First Report of a Geminivirus in Hawaii. J. S. Hu, Department of Plant Pathology, University of Hawaii, Honolulu 96822. S. Lius, K. Barry, Z. C. Wu, M. Wang, and R. T. Hamasaki, Department of Plant Pathology, University of Hawaii, Honolulu 96822. Plant Dis. 78:641. Accepted for publication 19 January 1994. Copyright 1994 The American Phytopathological Society. DOI: 10.1094/PD-78-0641A.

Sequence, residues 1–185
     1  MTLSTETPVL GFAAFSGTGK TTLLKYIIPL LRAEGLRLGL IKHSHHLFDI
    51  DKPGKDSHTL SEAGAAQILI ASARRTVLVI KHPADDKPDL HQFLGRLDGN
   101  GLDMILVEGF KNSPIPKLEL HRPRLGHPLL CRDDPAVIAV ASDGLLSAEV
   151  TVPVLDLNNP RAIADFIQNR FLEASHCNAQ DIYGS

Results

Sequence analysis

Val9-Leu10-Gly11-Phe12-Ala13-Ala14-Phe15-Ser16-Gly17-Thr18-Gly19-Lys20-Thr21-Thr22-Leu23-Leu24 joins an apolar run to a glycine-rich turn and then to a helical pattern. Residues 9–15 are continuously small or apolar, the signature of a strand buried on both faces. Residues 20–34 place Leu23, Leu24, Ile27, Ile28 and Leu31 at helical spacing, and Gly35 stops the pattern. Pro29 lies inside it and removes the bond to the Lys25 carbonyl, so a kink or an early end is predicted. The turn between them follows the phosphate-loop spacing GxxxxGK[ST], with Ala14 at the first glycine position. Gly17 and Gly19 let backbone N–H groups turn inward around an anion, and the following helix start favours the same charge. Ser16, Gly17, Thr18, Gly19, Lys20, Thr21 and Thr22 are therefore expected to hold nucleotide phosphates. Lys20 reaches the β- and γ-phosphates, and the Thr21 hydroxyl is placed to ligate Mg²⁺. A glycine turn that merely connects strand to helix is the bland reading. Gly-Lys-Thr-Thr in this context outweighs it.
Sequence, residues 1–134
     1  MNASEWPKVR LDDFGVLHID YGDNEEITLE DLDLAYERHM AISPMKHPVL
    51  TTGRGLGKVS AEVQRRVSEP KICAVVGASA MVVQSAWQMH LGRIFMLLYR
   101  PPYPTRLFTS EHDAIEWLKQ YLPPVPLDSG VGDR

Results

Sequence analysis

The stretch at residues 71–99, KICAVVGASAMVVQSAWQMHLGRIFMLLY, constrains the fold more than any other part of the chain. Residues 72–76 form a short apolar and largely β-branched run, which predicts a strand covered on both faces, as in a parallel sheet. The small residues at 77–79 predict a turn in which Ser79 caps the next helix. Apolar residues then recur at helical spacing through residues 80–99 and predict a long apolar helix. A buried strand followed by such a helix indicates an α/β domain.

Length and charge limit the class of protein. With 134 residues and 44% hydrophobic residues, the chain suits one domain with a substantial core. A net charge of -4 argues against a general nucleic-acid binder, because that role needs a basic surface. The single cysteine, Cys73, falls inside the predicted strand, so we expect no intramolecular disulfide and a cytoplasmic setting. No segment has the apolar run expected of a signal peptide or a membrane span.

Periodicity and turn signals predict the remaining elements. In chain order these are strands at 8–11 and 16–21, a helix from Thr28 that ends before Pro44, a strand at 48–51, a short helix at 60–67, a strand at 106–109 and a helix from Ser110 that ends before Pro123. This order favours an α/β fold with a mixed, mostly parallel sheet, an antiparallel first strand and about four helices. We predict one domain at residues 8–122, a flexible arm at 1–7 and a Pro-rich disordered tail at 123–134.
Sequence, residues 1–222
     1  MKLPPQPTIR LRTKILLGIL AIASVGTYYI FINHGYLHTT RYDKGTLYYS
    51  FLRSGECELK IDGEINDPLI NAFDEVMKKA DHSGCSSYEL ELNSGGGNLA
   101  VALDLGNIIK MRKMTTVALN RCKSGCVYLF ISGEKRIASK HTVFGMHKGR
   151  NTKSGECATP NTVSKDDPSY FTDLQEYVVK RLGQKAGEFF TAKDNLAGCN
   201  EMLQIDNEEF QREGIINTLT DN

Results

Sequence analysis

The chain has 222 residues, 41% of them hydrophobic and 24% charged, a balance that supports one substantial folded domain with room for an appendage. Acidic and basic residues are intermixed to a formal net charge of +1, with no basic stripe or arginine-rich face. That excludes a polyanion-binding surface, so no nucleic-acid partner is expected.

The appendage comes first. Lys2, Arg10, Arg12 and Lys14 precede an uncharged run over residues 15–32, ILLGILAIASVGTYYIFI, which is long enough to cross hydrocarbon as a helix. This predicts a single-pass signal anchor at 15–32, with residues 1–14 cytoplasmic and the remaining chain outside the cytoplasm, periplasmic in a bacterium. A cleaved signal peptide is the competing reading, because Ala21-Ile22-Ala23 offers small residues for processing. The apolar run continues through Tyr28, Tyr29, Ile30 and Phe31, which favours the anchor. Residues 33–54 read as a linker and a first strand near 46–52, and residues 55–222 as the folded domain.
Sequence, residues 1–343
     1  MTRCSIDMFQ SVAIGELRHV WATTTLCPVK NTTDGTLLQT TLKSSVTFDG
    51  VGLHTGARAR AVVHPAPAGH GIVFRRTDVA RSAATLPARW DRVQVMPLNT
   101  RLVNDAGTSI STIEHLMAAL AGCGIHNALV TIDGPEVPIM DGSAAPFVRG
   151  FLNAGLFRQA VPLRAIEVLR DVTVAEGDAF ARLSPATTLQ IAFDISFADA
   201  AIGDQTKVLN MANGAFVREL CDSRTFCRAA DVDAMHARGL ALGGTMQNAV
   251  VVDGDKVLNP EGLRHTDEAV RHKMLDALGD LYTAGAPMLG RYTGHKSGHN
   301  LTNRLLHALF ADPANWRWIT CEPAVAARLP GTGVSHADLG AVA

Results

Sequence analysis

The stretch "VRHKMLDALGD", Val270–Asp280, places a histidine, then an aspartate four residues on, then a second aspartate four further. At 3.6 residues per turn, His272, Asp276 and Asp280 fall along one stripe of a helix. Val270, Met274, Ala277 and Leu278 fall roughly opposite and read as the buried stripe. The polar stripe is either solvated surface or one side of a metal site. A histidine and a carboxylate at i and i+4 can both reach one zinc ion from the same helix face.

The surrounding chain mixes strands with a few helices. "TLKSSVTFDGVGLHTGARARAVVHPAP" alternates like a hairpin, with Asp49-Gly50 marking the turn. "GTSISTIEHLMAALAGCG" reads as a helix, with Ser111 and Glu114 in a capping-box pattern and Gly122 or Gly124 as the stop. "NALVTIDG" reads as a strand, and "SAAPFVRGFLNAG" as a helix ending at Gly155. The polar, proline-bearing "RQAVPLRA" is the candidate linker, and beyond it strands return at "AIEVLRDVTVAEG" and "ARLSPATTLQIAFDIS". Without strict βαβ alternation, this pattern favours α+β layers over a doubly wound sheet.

Eighty-one samples collected from four areas on the island of Oahu (Waimanalo, Kahuku, Waianae, and Hawaii Kai) of tomato, pepper, bean, eggplant, watermelon, zucchini, sweetpolato, lettuce, or ornamental plants were tested for geminiviruses, because they had severe whitefly (Bemesia tabaci (Gennadius)) infestation and were showing yellowing, mosaic, or stunting symptoms. One sample, Abutilon hybridum (lantern ilima) that had foliar wrinkle mottle symptoms, was positive in indirect ELISA with a monoclonal antibody against a shared epitope of whitefly-transmitted geminiviruses (1) (MAb 3F7, provided by E. Hiebert, University of Florida). Fifteen additional symptomatic lantern 'ilima samples from six different sites were all positive in ELISA. The lantern 'ilima samples were also tested in immunocapture-polymerase chain reaction (IC-PCR) using degenerate primers (PALl v 1978 and 1'ARIc7I5) designed lo amplify the A component of DNA of whitefly-lransmilted geminiviruses (2). An approximately 1.5-kb fragment was obtained, and it was hybridized in Southern blot analysis with a DNA A-componenl probe of bean golden mosaic geminivirus. Healthy control samples of Abutilon spp. were negative in both ELISA and IC-PCR tests. On the basis of results from serology, PCR, and hybridization, we conclude that a geminivirus was identified in Hawaii.References: (1) M. Cancino el al. (Abstr.) Phytopathology 82:1145, 1992. (2) M. R. Rojas et al. Plant Dis. 77:340, 1993.